* Ferber proposes tougher high-frequency trading rules
* Takes harder line on commodity position limits
* Rejects ban on commission on products sales
(Adds detail, exchanges reaction)
By Huw Jones
LONDON, March 26 Banks should be banned from
giving outside brokers direct access to markets as part of a
sweeping crackdown on computerised high-frequency trading, a
European Parliament report said on Monday.
The report was the assembly's initial response to a draft
law aimed at reining in computerised or algorithmic trading and
other advances in technology which have made it harder for
supervisors to see the full picture and control markets.
The European Commission, the EU's executive, proposed the
draft law, known as MiFID II, last year and it is now before
parliament and EU states for approval, with changes expected.
Markus Ferber, the German centre-right lawmaker who is the
"rapporteur" steering the measure through parliament, said in
his report that a tougher crackdown on high-frequency trading or
HFT was needed than outlined in the draft law.
HFT is seen by some policymakers as having an unfair
advantage over other investors. Fast computerised trading also
played a role in the "flash crash" when Wall Street blue chips
briefly went into freefall in 2010.
HFT traders often use the trading systems of banks and
brokers to access markets directly and favour tactics such as
inputting many quickly cancelled orders, a technique nicknamed
"Your rapporteur suggests a more differentiated approach and
proposes definitions for high-frequency trading and a
high-frequency trading strategy to identify a particular subset
of algorithmic trading, and in addition a ban of direct
electronic access," Ferber said in his report.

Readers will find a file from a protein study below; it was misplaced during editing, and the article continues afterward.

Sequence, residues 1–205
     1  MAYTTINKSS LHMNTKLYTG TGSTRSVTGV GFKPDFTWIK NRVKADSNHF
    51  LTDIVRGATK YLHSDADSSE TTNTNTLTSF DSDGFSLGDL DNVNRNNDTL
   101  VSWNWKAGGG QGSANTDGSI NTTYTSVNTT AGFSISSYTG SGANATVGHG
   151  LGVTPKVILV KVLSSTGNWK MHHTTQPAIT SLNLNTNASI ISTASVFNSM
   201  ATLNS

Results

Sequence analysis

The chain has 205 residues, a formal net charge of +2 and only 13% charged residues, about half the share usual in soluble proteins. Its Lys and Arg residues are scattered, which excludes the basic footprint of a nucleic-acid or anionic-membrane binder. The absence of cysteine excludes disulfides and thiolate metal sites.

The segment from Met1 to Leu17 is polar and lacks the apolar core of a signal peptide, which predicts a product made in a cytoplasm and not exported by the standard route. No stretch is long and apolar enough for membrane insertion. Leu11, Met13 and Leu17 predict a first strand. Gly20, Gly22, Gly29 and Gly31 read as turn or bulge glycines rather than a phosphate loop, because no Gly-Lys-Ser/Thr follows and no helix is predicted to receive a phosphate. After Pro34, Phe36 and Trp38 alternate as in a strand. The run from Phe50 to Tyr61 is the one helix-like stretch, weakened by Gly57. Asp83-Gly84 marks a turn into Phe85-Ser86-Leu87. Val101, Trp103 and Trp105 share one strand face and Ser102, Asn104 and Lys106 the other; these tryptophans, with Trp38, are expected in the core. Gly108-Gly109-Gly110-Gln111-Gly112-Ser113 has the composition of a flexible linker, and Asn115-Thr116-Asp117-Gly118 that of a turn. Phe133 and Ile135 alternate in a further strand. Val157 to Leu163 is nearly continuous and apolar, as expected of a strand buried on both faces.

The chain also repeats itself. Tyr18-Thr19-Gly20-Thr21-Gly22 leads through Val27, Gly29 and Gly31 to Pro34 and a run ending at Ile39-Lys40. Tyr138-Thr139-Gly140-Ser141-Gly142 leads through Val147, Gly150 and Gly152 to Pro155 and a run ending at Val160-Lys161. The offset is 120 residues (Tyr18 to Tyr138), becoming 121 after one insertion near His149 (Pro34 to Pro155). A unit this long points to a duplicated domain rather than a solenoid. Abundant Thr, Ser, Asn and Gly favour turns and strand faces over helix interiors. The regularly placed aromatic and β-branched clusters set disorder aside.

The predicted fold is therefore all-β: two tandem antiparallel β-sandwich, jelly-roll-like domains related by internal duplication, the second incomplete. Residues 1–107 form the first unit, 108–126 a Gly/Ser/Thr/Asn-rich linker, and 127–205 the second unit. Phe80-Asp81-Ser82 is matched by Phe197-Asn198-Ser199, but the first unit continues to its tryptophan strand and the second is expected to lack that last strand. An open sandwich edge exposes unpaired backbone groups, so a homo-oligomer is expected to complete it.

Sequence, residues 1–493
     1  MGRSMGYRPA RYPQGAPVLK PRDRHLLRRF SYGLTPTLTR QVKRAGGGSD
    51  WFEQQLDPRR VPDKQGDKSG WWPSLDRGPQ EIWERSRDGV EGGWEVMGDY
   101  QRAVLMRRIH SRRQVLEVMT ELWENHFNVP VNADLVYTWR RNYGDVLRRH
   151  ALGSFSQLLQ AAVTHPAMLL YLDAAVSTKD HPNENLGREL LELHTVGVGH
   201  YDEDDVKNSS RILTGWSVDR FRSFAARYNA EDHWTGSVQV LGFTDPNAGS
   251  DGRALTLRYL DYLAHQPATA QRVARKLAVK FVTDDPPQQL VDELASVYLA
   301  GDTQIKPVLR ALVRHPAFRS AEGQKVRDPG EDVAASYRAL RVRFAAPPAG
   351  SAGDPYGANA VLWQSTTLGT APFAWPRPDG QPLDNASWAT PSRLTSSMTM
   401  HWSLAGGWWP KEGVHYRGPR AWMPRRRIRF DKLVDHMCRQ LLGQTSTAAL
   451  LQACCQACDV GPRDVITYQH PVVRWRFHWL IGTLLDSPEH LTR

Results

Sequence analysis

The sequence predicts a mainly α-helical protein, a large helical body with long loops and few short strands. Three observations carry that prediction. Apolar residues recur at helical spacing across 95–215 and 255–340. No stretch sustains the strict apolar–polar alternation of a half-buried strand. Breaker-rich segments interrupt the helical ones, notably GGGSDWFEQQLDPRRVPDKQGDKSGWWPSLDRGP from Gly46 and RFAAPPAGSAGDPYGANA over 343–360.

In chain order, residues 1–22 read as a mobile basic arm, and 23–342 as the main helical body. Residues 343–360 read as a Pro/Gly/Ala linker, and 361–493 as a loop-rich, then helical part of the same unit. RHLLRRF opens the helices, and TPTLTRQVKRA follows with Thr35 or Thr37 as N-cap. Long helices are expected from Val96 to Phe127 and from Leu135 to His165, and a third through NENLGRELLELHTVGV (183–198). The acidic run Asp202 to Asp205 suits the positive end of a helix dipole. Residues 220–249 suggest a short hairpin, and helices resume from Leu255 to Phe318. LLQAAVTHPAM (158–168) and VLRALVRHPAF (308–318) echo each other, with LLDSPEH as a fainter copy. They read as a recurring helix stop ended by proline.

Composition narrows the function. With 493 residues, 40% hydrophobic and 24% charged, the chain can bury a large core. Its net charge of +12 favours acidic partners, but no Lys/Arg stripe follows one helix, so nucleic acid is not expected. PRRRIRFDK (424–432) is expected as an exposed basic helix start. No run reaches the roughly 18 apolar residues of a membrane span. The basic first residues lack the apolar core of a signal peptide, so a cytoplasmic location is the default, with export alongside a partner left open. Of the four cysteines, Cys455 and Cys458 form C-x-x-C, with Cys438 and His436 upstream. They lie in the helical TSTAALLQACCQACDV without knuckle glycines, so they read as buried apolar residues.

He defined HFT as trading at speeds where "the physical
latency" (or speed of processing an order) of the system for
sending orders becomes "the determining factor".
HFT strategy would include four or more elements such as a
trader whose servers are next to those of the exchange; a daily
portfolio turnover of at least 50 percent; a ratio of orders to
trades that exceeds 4 to 1; most orders being unwound on the
same day; or where at least a fifth of orders placed are
Orders should also stay in the market for at least 500
milliseconds before they can be cancelled, and exchanges should
slap higher charges on traders who cancel many of the orders
they place, the report added.
HFT has increased volume on many exchanges and the
Federation of European Securities Exchanges urged caution on
Monday about taking such radical measures.
"We need to do some homework first. I don't think Ferber
wants to kill the market but wants to be on the safe side," FESE
Secretary General Judith Hardt told reporters.
Other exchange officials said a ban on direct market access
and requiring minimum periods for orders would damage liquidity
and force people to risk their capital when they don't want to.
All trading platforms should also have "circuit breakers" in
place to cut or slow down trading that becomes disorderly,
Ferber said, in another lesson from the "flash crash".
NO EQUITIES OTF
The planned new breed of Organised Trading Facility (OTF)
platform for trading contracts currently handled between banks
should be limited to non-equities, meaning mainly derivatives
This would force shares currently traded off an exchange to
move onto bourses or similar platforms that are likely to be
more heavily regulated than OTFs, a development stock exchanges
"I think Ferber's taken the right steps. Equities are much
too fragmented and OTFs would have introduced another layer of
fragmentation," Hardt said.
But exchanges were dismayed that Ferber wants to harden
controls on the size of positions commodity traders can hold, a
step policymakers say could help cool what they see as
speculation pushing up oil and food prices in recent years.
All commodity derivatives platforms should have position
limits, Ferber said. Other controls, such as risk management
systems would be "an addition" and not an alternative, as was
foreseen in the draft law. Ferber pushes the draft closer to the
U.S. rule of pre-set position limits in many commodities.
He also proposes a ban on a person holding more than one
executive or two non-executive directorships at different
trading venues at the same time.
Ferber rejects a proposal to ban investment advisors from
accepting commission on sales of financial products, in contrast
to the UK which plans to ban such commissions from 2013.
Other members of parliament are set to challenge some of
Ferber's proposals, as will EU states like Britain. The aim is
to approve a final text by the end of this year or early in
(Editing by David Cowell and David Holmes)